I never knew I was a lefty until I left for school. At home, it was a non-issue, almost unnoticeable. I was a young girl, full of life, ready to face the world and enjoy what it had to offer. I was prepared to learn, to grow, to fly, but one thing was sure, I was not psychologically prepared to be the odd one out in almost every gathering, to be in the minority. Neither was I ready for the stare downs that accompanied each bite of food eaten in public with my left hand. It was thought to be so alien in the little town where I was raised and as a result, considered not outrightly abnormal but definitely subnormal. Gradually, the society began to force me into believing that I was different and perhaps strange. Different is good, but strange I won’t take. Therefore, I have lived every day of my life trying to resist and reject that mentality.
Growing up in Africa, Southwestern Nigeria to be precise, was tougher than you can imagine. There is this absurd idea and popular misconception that the left hand is polluted, contaminated and disrespectful. At Kindergarten stage, when the teacher held our hands to assist us in writing, it was always a tug of war with me. This was a lot easier compared to giving and receiving things. On several occasions, of which I have lost count, I have been blatantly insulted for giving and receiving with my left hand. I have been called in Yoruba “onibaje omo”, meaning a spoilt child, or sometimes “alaileko” (untutored). But little did they know that this was innate. I was not trying to disrespect anyone, I was just living in my natural state, the way I was created.
One of the many repulsive experiences I have had was when ushers in Church returned my offering and asked me to give it “the proper way”. The nicer ones didn’t return my offerings but offered me a pathetic look, which I can very much remember to this day. Using the famous Chimamanda Ngozi Adichie’s phrase, “it is funny in the way sad things are funny”.
Another that struck me was when as a youth corps member, teaching Civic Education at a secondary school, I had to write on the board and my students burst into uncontrollable laughter. I was furious, but then I realized, it’s really not their fault. Their view of right or wrong had been coloured by the society that having a dominant left hand was wrong. I didn’t let that go, I re-orientated them that your left hand is secondary, mine is primary, what’s the fuss about? Do not discriminate against left-handers, they are perfectly normal human beings, only that left-handedness is far less common than right-handedness, research shows that approximately 10% of the world’s population is left-handed. Yes, we are in the minority but don’t marginalize us even further.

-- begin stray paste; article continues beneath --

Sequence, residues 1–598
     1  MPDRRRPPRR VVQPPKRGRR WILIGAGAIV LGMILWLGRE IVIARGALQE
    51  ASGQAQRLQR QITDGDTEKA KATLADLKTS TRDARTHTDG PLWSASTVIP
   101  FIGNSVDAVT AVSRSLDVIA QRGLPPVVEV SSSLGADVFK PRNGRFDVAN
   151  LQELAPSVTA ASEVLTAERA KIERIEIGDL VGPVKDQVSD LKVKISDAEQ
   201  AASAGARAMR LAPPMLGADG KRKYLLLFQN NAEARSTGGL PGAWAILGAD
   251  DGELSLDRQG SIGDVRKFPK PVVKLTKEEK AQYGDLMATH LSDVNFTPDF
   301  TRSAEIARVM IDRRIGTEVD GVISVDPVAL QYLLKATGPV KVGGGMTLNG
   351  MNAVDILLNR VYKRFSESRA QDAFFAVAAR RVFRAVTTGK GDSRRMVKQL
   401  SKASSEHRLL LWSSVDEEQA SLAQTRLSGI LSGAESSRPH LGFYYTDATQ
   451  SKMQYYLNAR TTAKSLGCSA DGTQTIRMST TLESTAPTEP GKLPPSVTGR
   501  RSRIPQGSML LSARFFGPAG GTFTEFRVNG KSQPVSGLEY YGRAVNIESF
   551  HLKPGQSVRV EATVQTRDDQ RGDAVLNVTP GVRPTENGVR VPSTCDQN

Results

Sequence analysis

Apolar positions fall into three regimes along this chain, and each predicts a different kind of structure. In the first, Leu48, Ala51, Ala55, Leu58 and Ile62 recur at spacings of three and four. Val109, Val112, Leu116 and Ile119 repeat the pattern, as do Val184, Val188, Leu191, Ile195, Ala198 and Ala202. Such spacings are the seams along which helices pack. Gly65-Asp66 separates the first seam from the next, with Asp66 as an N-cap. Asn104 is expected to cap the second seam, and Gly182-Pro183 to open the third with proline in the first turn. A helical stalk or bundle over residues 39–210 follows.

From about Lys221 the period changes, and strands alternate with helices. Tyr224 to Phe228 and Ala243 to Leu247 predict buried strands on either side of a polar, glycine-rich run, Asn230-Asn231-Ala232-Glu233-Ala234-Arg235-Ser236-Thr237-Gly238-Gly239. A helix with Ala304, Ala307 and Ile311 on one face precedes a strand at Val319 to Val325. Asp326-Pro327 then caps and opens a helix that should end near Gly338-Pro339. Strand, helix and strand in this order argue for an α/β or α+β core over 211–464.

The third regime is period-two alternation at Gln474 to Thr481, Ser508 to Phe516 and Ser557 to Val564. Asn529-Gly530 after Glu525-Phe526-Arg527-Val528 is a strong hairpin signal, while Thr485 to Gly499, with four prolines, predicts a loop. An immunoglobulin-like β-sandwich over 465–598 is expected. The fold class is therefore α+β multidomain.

The mere fact that the left-hand is less preferred does not make it less important – would you rather you had two right hands and no left hand? And that was how I addressed it. I didn’t let it go. And I felt I had done something good for the innocent left-hander somewhere who has no voice, who is being painfully forced to change her dominant hand from left to right. Research has proven that this is often dangerous. It reduces them to an utter state of confusion, makes them timid, makes them clumsy, it suppresses their creativity, gives them low self esteem and the list goes on and on. This is so sad and should never be encouraged.
Many machines and equipment are designed with the right-handers in mind. For instance, I have never seen a sewing machine that favours left-handers, all have a right-hand wheel. Same for tin-cutters, scissors, and generators. In school, we are forced to use the uncomfortable right-handed desks to write. And to give a hand shake which is the world’s standards way of greeting, you have to do it the “right” way. It is just interesting to me how the world makes little or no provisions for the left-handers. But hey, August 13 (which coincides with my birthday) has been named International World Left-handers Day, to create awareness about the inconvenience faced by left handers and to reverse the myths attached to the left hand.
Left-handers are trailblazers, captains of industries, world leaders, and innovators. I am sure you know that being in the Southpaw club with Barack Obama, Steve Forbes, Leonardo da Vinci, Tom Cruise, Whoopie Goldberg, Hugo Sanchez, Babatunde Raji Fashola, and Oprah Winfrey is being in good company.
To all left-handers, you are worthy of being taken seriously. Therefore, take pride in your left-handedness. There are heroic men and women of history who were proud left-handers. Respect right-handers but never forget to also respect left-handers even more. Don’t accommodate insecurities, don’t see yourself as odd, rather see yourself as different and, please, celebrate and respect that difference.
To all right-handers, especially adults, please never ever correct a left-handed child because, really, there is nothing to correct and no error to rectify. For her, using her left hand is right, don’t judge her based on your own definition of right. Let her be, let her grow, let her be secure, and above all, let her be happy.
To humanity in general, stop playing this right-left-hand binary game. Don’t become so well-adjusted to your culture that you fit into it without even thinking.
© 2017 Toyosi Babalola
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